They were manufactured in the final year of Series 1 production, but were equipped with tubular front and rear ‘bumpers’ and front cabin hood frame used in Series II model.
ARN 101-820 was purchased on eBay in July 2010, and was advertised as being in generally good running condition.
She was unregistered, but her Queensland registration lapsed only around a year prior. The body was quite sound, with rust confined to either side of the engine bay where water and urine (we’ll come to that shortly) accumulated. Over the top of the original olive drab livery was a layer of white, some red and finally a coat of olive drab in a ‘fair’ state. She was fitted with non-original fibre-glass doors and long-cabin hood frame and deteriorated canvas hood, likely fitted by Casula Wreckers (Western Sydney) who had originally procured Haflingers and parts from the army in the early 1970s.
The on-road retread tyres on fiat 13″ rims were rotten. The brakes were shot, the battery dead, the engine backfired with gusto before stalling and would not idle.
The non-original muffler, exhaust and inlet manifolds were corroded, cracked and perforated. This was going to be a major re-build after all. The plan now was to strip everything off the body, chemically strip of the several layers of paint, repair where required, and repaint. At the same time the engine was removed for reconditioning. Removal of the engine was revealing. A family of possums had made the engine their home. Leaves and sticks filled the spaces between the tin-work and the engine. Possum faeces and muck was caked between the fins of the cylinders, rendering effective cooling impossible. The urine of the possums had heavily corroded all the tin work, cylinders and the alloy components of the engine. All of the tired Haflinger engines that I have seen have been caked in gritty (but corrosion inhibiting) oil and grease- certainly never corroded to this extent. Surely this tired, dumped upon engine could not have run properly for years.
The engine tin work was chemically stripped with a process that also eliminated all corrosion.
The tin work was re-painted with POR15 rust preventive paint. The cylinders were grit blasted to remove corrosion and re-bored to fit new Konig oversize II pistons, and heads reconditioned with new valves, sleeves, springs etc. The engine bearings were good, so the crank case was left alone. The engine was fitted with a new clutch and pressure plate, new inlet and exhaust manifold and fully reconditioned dynastarter. The single-throat Weber carburettor was fully reconditioned, with perforated brass float repaired. New throttle, choke and clutch cables were fitted, and an electric fuel pump installed on the firewall to replace the Weber mechanical pump. The engine looked like new again.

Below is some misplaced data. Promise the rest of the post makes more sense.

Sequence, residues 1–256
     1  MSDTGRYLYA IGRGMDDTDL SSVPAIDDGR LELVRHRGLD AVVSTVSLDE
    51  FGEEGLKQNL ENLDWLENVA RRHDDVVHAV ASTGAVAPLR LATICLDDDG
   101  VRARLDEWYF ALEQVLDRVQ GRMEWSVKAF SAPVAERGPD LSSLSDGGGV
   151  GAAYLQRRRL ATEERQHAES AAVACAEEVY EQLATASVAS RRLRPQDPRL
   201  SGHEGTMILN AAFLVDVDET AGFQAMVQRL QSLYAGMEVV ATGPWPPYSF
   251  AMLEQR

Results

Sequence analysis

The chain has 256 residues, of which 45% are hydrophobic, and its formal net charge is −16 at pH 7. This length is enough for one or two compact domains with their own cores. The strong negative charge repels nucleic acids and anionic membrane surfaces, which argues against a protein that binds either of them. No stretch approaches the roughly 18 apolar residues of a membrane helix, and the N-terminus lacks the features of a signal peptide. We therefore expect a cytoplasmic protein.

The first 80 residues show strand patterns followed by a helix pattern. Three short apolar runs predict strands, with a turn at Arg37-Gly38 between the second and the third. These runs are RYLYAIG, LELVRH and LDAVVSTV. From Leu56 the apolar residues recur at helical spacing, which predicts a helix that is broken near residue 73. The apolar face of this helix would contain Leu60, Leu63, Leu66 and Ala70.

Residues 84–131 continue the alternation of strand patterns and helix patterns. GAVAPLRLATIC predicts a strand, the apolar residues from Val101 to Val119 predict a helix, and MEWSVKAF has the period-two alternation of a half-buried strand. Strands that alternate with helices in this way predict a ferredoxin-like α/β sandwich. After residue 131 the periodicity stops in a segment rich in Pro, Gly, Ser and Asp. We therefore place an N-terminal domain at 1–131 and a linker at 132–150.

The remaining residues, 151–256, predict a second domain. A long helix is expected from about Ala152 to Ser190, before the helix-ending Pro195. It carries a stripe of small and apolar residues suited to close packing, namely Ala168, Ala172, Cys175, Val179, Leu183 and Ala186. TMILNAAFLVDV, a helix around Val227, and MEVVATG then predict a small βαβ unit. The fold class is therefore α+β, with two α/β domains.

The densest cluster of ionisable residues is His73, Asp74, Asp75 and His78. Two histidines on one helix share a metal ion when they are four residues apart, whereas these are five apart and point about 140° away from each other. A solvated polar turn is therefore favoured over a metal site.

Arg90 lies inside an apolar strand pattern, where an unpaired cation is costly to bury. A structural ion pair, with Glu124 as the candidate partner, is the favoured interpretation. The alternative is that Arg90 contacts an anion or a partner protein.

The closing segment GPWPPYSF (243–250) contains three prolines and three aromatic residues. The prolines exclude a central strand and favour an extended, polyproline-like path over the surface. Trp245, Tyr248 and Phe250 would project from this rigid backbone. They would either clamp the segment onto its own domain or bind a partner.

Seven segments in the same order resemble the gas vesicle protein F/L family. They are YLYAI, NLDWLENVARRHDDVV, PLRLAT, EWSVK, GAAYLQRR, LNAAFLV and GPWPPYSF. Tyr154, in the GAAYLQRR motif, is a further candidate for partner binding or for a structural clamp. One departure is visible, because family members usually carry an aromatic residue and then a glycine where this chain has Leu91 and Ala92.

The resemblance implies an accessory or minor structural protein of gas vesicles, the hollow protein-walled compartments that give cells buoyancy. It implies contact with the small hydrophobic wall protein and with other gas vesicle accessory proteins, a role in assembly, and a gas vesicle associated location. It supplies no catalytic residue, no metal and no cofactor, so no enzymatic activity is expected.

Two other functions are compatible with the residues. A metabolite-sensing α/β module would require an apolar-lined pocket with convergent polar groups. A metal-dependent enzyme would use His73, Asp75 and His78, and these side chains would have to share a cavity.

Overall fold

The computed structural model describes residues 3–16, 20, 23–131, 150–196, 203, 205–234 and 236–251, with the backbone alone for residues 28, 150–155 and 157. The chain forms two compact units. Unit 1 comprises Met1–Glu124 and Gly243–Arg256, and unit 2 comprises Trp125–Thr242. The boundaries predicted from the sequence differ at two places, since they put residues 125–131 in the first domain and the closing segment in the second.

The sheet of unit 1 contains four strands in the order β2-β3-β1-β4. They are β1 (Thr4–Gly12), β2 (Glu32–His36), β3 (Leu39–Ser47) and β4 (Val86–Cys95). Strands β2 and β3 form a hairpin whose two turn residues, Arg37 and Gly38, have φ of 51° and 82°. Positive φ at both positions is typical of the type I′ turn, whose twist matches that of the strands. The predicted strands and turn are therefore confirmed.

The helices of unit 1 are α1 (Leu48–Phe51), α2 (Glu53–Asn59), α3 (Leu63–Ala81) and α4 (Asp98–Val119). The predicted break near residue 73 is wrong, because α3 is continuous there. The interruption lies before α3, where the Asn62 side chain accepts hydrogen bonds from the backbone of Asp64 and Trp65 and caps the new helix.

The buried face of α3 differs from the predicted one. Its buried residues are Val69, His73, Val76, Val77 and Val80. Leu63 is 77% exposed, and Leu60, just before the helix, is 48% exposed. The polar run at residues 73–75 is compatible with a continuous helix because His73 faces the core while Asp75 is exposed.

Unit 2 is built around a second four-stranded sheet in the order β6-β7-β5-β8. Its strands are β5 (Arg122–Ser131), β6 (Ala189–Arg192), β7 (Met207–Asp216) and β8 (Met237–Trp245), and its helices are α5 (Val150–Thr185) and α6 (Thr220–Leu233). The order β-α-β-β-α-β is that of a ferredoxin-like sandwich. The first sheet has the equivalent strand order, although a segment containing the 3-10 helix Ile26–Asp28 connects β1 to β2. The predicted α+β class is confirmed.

The body components were repainted piece by piece, using information gathered over the years to determine what was originally olive drab, black or zinc-plated (some Australian Army Haflingers had just about everything over-painted green over the course of service).
The rebuilding of the body was the fun part, and everything came together quite easily. Stainless steel hardware was used where possible to minimise potential future corrosion, with threads greased with lanolin grease. All channels, tubes and un-painted areas were flooded with lanolin. The headlights were rebuilt from NOS components, and new trafficator and tail light lenses and gaskets fitted. Most components were reconditioned, but a new starter button and Series I wiper motor and components were fitted. The brakes were completely re-built, with new copper brake lines, fluid reservoir, brake springs, master and slave cylinders. The shoes were re-bonded and drums machined to match. A new handbrake cable and handbrake springs had the handbrake working as it should.
To finish the project, a new canvas cab and canvas covering for tubular frame doors were fabricated.
The cab was to return to the original short-cab type as used during army service. The brief was to match the original locally made samples, stitch for stitch. An Australian made olive-green canvas was found that was an almost identical match to the canvas retrieved from a door of an ex-Australian Army Haflinger (but these seem to differ from vehicle to vehicle). The leather washers were made by hand to match the originals. Solid Brass Chicago screws that resembled the original hammered rivets were used, which allowed for easy disassembly for future repairs. The front and rear seats were re-trimmed in the same olive canvas as the canopy and doors as a temporary measure, as a match for the original dark-olive vinyl trim would not be readily found (black vinyl could have been another option).
ARN 101-820 was finally registered in NSW as a historic vehicle through the Ex-Military Vehicle Collectors Society (NSW), who have 3 other restored ex-army Haflingers amongst their membership.
The NSW Roads and Maritime Authority registered her as a ‘Daimler 703’, whatever that may be. A set of printed vinyl tac plates were made to match a historic photograph uncovered by Constantin Keisling from the Magna-Steyr archive in Graz. This was for the 35 Unit of the Royal Australian Army Service Corps (RAASC). Ex-army pioneer tools were found on eBay. ARN 101-820 made her debut at the Corowa Swim-In in March 2012, which is the largest annual gathering of ex-military vehicles in Australia, where she received a warm welcome. From here on she will live a good and pampered life.
The following are gratefully acknowledged for their efforts in the restoration of ARN 101-820:
Parts: Hafliger Technik, Autoquariat, Robert Prokschi, Constantin Kiesling
Services: Carburettor Service Company, Denmore Automotive, Burt Brothers Brakes, Barry Hopkins Motor Trimming, Redi-Strip, Gladesville Auto Body Repairs
Technical and Historical Consultants: Constantin Kiesling, Dale Harrison